If you're a member of the baby-boom generation, you can combat long-term unemployment and age discriminatory hiring practices by staying on top of new trends and continuing your personal development.
The retirement age is climbing as older Americans today work longer than in generations past. Not only are they staying in the labor force longer, but the U.S. Bureau of Labor Statistics (BLS) reports that starting in the early 2000s, full-time employment for people age 65 and older surpassed part-time. That gap continues to widen thanks to the shaky economy.
A problem older workers face is reentering the workforce after periods of unemployment. The Government Accountability Office (GAO) released a study in April that reports, “long-term unemployment rose substantially, and at a greater rate for older than younger workers. Last year, 55% of unemployed older workers actively sought a job for more than half a year (27 weeks or more).”
As the job market slowly improves, though, there is a positive outlook for older workers. BLS survey data collected between January 2010 and May 2012 shows that 69% of a 4.3 million increase in employment came from those ages 55 and up.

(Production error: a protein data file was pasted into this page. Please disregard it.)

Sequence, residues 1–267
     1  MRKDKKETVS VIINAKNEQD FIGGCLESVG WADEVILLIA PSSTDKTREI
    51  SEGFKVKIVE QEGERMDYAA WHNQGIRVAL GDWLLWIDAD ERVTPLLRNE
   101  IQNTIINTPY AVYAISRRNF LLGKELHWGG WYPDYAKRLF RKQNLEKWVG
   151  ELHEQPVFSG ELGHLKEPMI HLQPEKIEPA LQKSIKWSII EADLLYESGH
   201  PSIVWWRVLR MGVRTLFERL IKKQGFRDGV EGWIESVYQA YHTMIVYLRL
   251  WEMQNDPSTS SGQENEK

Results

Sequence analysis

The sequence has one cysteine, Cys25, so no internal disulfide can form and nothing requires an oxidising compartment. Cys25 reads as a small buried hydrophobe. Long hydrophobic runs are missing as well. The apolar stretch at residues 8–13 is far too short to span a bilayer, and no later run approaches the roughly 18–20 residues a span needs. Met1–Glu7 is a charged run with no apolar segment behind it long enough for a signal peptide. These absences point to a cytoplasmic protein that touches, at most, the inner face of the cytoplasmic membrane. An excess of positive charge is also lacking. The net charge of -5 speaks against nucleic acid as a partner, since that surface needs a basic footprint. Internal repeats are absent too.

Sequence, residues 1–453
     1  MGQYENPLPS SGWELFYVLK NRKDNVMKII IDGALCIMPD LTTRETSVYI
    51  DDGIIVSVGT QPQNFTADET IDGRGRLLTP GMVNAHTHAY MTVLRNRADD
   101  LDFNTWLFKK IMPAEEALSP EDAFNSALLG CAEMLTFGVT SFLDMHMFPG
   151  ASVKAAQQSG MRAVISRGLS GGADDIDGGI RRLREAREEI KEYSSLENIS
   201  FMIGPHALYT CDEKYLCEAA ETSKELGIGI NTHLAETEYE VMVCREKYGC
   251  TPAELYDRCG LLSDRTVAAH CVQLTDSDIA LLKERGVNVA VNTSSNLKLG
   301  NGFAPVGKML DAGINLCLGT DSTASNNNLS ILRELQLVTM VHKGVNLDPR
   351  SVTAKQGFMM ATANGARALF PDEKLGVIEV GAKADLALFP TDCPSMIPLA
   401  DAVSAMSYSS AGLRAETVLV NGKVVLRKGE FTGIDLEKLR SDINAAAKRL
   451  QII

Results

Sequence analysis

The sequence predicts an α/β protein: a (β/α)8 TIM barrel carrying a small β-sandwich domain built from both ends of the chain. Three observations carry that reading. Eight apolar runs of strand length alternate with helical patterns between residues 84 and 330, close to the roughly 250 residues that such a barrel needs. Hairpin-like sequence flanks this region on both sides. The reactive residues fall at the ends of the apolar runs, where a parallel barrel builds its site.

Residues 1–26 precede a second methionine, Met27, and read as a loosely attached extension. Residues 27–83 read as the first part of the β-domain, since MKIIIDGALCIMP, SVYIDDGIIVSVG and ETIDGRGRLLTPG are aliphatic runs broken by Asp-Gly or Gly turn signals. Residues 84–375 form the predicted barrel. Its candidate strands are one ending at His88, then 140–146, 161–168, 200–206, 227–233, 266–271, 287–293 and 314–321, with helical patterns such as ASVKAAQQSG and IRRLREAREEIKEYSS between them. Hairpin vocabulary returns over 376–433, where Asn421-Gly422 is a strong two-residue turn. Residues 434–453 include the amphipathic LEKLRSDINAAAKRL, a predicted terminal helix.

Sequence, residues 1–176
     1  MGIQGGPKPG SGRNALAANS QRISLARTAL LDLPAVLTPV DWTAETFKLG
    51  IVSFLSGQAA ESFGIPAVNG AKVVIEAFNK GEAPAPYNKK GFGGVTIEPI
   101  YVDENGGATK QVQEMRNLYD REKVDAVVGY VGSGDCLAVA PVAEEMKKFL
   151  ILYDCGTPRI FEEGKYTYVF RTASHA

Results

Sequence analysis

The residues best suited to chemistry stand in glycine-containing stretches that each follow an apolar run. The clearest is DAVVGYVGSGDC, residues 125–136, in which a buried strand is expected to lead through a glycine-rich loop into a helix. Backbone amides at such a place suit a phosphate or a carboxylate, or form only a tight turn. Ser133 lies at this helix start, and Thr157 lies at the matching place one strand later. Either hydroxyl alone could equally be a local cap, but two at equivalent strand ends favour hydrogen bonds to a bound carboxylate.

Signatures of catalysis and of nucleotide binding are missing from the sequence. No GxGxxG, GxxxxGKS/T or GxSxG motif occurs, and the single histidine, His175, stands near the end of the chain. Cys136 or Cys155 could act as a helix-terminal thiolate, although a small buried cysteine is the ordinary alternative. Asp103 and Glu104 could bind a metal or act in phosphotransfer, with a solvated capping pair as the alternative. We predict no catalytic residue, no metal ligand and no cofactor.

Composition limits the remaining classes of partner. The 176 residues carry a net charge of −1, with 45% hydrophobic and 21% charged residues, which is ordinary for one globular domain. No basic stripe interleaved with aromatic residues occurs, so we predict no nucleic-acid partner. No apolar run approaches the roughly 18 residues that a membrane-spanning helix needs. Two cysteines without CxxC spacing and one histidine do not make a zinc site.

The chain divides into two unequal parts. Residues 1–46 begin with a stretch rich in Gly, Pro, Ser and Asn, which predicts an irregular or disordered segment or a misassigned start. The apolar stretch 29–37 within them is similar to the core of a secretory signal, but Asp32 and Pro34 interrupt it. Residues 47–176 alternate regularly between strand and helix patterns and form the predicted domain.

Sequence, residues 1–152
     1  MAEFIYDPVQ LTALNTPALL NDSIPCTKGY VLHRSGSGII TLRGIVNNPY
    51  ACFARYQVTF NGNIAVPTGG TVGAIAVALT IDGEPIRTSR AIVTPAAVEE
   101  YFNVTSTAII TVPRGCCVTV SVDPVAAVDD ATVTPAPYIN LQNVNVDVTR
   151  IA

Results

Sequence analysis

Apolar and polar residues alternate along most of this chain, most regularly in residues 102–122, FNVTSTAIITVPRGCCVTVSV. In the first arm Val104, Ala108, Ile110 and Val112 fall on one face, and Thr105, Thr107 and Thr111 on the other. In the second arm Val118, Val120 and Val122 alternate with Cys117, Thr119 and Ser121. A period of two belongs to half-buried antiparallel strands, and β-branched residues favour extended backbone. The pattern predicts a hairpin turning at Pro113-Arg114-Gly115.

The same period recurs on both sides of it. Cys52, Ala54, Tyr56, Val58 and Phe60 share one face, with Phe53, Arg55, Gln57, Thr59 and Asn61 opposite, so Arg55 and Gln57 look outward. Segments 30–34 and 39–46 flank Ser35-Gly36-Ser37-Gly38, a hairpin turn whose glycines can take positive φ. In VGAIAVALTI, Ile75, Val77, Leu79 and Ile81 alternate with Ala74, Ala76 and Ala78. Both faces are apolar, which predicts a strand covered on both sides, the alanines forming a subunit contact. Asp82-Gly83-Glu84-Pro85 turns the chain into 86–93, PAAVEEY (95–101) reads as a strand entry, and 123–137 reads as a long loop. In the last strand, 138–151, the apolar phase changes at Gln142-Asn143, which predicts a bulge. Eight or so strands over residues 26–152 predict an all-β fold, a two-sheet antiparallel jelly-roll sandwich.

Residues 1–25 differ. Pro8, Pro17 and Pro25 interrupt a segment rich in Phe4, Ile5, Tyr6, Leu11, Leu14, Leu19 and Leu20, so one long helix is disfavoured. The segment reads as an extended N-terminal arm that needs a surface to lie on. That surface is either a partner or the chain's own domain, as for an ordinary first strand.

Peter Weddle writes on CareerCast.com that Baby Boom generation workers can tackle the problem of resume gaps with personal development. In fact, personal development via education goes well beyond bridging resume gaps. It’s also a necessary tool in today’s job market. An estimated 63.3% of the Millennial generation has at least a bachelor’s degree. Millennials also rarely have families to support, which gives them greater flexibility on both hours and pay.
Those can be tough qualities for veteran workers to overcome. Staying abreast of the modern skills that employers typically seek from younger workers is crucial, and is one area where young workers simply cannot match their more seasoned counterparts.
An often cited difficulty that employers face is the so-called skills gap. Years of applicable work experience builds attributes for an older job seeker that those just entering the workforce are simply unable to match. Filling free time with classes on graphic design, web programming, or even a second language provides another tool that beneifts a job seeker who is already equipped with invaluable experience. It also shows that you have the initiative to improve your skils when many others rest on their laurels, a key attribute in the job market.